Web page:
We cannot overstate the value of reference checking. Before making any offers, go back to the resume and verify past-employment details. In their 2006 study, Resumedoctor.com found that more than 40% of resumes contain at least one glaring inaccuracy pertaining to a length of employment, job title or education. While many employers now refuse to discuss specifics of their prior employee’s performance without a signed consent form, most are happy to confirm salary, position, and dates of employment.
It’s important to distinguish between professional references and personal references. Personal references are people who know the applicant but have not worked with them and therefore cannot shed any light on their job performance. Professional references, on the other hand, are people with whom the candidate has worked. Make calls to the applicant’s professional references, asking questions about attendance, teamwork, and whether the candidate would be eligible for rehire. Avoid questions about age, race, sex, religion, marital status, health, and nationality as they are prohibited by Federal law.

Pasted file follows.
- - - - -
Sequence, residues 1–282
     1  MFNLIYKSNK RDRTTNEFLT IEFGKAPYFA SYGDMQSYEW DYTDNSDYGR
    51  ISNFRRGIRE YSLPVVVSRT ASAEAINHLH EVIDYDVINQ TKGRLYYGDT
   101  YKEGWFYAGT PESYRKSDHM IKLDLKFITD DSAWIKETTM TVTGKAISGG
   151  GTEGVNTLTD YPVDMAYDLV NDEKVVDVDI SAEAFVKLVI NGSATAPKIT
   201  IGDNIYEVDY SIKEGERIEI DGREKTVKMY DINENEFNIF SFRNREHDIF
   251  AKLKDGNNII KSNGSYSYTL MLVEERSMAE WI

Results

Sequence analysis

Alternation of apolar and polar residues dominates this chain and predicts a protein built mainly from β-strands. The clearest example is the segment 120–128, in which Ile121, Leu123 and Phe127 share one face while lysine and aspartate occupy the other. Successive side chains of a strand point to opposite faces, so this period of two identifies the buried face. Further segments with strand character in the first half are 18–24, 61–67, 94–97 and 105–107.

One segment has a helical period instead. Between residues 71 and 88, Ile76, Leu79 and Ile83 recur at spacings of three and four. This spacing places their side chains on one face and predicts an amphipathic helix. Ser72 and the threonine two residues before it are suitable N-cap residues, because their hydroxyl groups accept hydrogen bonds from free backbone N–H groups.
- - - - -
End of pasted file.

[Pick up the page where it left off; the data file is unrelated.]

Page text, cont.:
Some employers are Googling the applicant’s name or taking advantage of the vast number of social networking sites like MySpace and Facebook to gain knowledge of the applicant’s personality. Postings about former employers or work-related blogs can dissuade employers from hiring an individual.
Background checks are becoming more and more routine and you should coordinate them with your Human Resource department. They most likely already have a vendor who performs background checks on behalf of your organization. You may ask your local police department to perform this duty. Candidates are required to sign a consent form allowing you to delve into their criminal history, credit record or driving record. Criminal history checks require the applicant’s date of birth, therefore background checks should only be conducted after a job offer is made to avoid a discrimination claim.
Privacy issues are a top concern and there are several federal laws governing access to public records. We recommend you familiarize yourself with Sections 604, 606, and 615 of the Fair Credit Reporting Act (FCRA) to learn about using credit reports for employment purposes. Again, your Human Resources department should be able to help you navigate the privacy waters.